Category Archives: DIY Learning

Real Learning

“Those who cannot change their minds cannot change anything.”
–George Bernard Shaw

 Aha! is becoming Real Learning.  The old name didn’t fit the book.


Aha! captures the spirit of “Oh, I see; that’s how you do it.” Cool.

Unfortunately, the term Aha! only focuses only on the magic moment of enlightenment. It doesn’t suggest the work that comes before (knowing your goals, tuning your networks) or what it takes to make learning stick (taking action and reflection).

As I worked with it, the term began to feel too close to the self-help snake oil that fills bookstore shelves. Creepy.

I am out to help people learn how to improve their lives by learning to learn and don’t want to be confused with the charlatans and their faith-healing promises. Real Learning is based on neuroscience and what’s proven successful, not the standard self-help bullshit.

Real Learning is what the book is  about. I’m not going to give you a sales pitch. (If that’s what you’re after, look here.) The book is a natural sequel to Informal Learning.  The earlier book talked about the importance of informal learning.  Real Learning explains how to do it .

Change is a pain at this point, but as Jack Welch said, it’s best to change before you have to.

15 essentials for successful learning

“A foolish consistency is the hobgoblin of little minds.”
Ralph Waldo Emerson, Self-Reliance.


While cleaning up my office this afternoon, I came up this list of essentials for effective informal learning I wrote a couple of years ago for the ASTD Handbook.

I don’t know if I’m in a rut or simply unwavering in my beliefs, but I was surprised to find that every one of these appears in nearly the same language in my new book. (I’d forgotten that I’d written the earlier list.)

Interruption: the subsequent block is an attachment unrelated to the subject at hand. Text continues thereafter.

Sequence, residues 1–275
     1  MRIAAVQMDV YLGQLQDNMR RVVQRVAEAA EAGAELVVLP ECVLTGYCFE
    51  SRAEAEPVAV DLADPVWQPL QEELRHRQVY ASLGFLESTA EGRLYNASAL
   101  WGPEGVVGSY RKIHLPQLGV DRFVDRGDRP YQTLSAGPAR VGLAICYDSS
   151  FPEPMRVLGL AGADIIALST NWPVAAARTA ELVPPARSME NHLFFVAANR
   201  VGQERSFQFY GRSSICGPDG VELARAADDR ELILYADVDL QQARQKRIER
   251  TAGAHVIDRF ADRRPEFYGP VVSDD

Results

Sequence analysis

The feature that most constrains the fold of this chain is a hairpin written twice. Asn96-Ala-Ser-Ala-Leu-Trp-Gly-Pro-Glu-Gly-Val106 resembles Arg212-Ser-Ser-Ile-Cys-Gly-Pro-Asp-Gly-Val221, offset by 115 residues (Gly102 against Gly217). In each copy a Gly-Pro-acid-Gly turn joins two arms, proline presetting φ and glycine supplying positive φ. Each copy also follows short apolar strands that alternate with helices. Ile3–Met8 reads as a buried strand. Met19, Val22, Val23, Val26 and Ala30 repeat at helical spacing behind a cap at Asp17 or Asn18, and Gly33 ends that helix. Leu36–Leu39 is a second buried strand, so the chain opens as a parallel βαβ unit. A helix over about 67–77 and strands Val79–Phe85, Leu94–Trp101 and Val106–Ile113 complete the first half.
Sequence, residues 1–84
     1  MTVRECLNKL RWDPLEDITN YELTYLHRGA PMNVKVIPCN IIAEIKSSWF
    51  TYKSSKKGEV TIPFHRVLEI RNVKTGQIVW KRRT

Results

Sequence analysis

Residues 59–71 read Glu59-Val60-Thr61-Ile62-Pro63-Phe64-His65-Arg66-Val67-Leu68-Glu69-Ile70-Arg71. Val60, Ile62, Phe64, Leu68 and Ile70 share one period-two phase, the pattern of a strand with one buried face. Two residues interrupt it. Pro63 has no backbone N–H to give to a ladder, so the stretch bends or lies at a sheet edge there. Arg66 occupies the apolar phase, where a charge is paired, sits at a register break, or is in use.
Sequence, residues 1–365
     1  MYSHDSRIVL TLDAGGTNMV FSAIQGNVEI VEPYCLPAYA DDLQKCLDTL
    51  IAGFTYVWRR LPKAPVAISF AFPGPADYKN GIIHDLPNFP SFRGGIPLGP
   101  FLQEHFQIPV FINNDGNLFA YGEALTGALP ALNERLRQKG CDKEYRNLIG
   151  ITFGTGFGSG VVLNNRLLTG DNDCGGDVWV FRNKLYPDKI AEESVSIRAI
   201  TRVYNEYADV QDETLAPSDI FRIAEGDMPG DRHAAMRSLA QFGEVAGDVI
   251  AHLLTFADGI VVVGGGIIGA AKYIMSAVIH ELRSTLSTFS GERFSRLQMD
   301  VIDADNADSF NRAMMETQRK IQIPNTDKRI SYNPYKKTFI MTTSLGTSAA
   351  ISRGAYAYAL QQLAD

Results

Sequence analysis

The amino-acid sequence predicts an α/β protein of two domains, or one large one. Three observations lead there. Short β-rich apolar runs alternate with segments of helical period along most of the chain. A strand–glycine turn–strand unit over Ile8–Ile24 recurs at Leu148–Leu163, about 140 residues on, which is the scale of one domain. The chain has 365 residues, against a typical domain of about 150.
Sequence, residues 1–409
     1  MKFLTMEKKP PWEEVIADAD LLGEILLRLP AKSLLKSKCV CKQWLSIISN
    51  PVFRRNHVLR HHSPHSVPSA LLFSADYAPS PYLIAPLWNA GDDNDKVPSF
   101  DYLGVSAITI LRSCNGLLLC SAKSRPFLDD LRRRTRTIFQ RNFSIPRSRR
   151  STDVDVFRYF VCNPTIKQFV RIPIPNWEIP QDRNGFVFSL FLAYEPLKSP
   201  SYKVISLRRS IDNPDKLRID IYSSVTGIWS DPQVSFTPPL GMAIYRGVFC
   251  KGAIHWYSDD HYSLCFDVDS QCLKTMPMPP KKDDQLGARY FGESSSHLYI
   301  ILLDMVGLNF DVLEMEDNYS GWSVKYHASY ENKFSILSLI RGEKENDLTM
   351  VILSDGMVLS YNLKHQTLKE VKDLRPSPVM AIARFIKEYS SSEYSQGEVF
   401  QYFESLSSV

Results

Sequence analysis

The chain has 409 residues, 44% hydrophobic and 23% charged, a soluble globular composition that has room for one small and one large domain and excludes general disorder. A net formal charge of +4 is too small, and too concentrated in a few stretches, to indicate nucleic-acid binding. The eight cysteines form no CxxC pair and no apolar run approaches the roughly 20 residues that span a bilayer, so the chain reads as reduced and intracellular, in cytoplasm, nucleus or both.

1. Most learning is self-directed. Give people the freedom to chart their course. Make sure resources are readily available and easy to find.
  2. Set high expectations, and people live up to them. Help people make sense of and prosper in the world and the workplace. Facilitate social networks that enable people to compare their situation with others.
  3. Conversations are the stem cells of learning. Foster open, frequent, frank conversations both virtually and in person. Praise courageous conversations.
  4. People learn by doing. Encourage experimentation.
  5. Ensure that managers and mentors understand the impact of stretch assignments. Learning is experiential, and stretch assignments give learners new experiences.
  6. Teach people the least they need know to tackle things on their own.
  7. Make it drop-dead simple to access people in the know, the lessons of experience, how-to information, and performance support.
  8. Learning is social. Encourage participation in communities. Make collaboration the norm. Narrate your work and share with others. Communities and guilds create and consume knowledge. If you don’t have a vibrant social network, create one.